Inside Zero and Shark: The Java stack

This article will be a little generic — nothing about HotSpot, nothing about Zero — but before we can understand Zero’s calling convention we need to go up a level and understand the calling convention of Java itself, in which arguments and results are passed on the stack. Lets have a look at an example to see how that works:

class HelloUser {
  public static void main(String[] args) {
    System.out.print("Hello ");

We’re going to have to disassemble it to see what’s happening:

public static void main(java.lang.String[]);
    0:  getstatic       [Field java/lang/System.out:Ljava/io/PrintStream;]
    3:  ldc             [String "Hello "]
    5:  invokevirtual   [Method java/io/PrintStream.print:(Ljava/lang/String;)V]
    8:  getstatic       [Field java/lang/System.out:Ljava/io/PrintStream;]
   11:  ldc             [String ""]
   13:  invokestatic    [Method java/lang/System.getProperty:(Ljava/lang/String;)Ljava/lang/String;]
   16:  invokevirtual   [Method java/io/PrintStream.println:(Ljava/lang/String;)V]
   19:  return

The getstatic instruction gets a value from a static field of a class (in this case the out field of the System class) and pushes it onto the stack. The ldc instruction loads a constant (the string "Hello ") and pushes that onto the stack. So far we have this:

"Hello "
Before 0: getstatic Before 3: ldc Before 5: invokevirtual

The next instruction is an invokevirtual, which is going to call the method This takes two arguments, the implicit argument this, and the string to print, so the interpreter pops two values from the stack, stores them as the callee’s first two local variables, and starts to execute the callee. When the callee returns the stack will be empty:

Before 8: getstatic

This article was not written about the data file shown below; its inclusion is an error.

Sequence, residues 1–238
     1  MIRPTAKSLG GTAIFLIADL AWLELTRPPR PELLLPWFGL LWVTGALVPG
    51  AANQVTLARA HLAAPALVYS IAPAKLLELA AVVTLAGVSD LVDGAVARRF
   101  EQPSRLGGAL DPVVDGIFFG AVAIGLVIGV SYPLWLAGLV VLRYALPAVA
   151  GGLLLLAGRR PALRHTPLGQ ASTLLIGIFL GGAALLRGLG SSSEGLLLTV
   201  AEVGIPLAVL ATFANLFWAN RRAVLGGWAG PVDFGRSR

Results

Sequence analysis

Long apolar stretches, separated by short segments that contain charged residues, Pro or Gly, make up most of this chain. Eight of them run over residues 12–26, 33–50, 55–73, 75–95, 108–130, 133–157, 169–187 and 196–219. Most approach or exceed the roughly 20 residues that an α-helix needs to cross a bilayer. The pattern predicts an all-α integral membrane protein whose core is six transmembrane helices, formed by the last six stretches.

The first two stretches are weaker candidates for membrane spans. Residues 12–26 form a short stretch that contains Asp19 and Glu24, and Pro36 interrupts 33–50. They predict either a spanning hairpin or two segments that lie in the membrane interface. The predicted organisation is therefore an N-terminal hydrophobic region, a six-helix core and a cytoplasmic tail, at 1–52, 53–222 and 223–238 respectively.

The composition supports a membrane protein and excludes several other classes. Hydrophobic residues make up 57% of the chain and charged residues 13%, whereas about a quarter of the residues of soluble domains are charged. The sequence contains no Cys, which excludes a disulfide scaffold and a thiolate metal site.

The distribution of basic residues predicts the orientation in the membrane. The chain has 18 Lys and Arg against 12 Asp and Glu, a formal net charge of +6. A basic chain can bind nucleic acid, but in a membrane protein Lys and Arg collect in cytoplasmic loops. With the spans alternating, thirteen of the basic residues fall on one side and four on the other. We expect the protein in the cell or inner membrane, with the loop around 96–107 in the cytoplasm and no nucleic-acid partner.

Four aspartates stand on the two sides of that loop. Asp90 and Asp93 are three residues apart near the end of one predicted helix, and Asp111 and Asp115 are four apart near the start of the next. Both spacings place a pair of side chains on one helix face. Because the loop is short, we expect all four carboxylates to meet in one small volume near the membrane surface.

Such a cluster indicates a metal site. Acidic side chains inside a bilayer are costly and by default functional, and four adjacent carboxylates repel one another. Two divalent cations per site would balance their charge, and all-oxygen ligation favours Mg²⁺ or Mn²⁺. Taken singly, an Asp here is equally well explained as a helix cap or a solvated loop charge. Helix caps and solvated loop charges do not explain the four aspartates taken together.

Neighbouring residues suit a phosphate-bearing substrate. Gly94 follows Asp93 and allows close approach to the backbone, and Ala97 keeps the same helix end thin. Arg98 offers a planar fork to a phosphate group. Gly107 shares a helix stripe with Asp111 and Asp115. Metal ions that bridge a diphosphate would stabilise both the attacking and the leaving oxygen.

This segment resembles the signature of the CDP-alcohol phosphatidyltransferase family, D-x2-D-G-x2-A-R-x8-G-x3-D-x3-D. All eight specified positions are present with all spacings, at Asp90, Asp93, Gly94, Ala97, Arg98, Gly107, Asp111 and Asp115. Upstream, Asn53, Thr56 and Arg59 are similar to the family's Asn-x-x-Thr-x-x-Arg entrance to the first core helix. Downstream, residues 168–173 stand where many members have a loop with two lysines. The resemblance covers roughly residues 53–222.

We now have another getstatic and another ldc:

Before 11: ldc Before 13: invokestatic

The next instruction is an invokestatic, another method call. This is calling java.lang.System.getProperty, which takes only one argument, the name of the property to get (static methods have no this). Presently there are two values on the stack, but the interpreter doesn’t care about that. It simply pops the top value from the stack, stores it as the callee’s first local variable, and starts to execute the callee. This time, however, the callee returns a value, the user’s name, so when it returns it will have pushed that onto the stack:

Before 16: invokevirtual

Now we’re ready for the final call, another invokevirtual. That extra value on the stack may have seemed odd before, but now it makes sense; it’s the first argument for this call! The interpreter pops two values from the stack, stores them as the callee’s first two local variables, and starts to execute the callee. This method returns nothing, so when the callee returns the stack will be empty. HelloUser.main returns nothing, so the stack is now exactly as it should be for us to execute the return instruction:

Before 19: return

Next time we’ll see how all this works in HotSpot and Zero.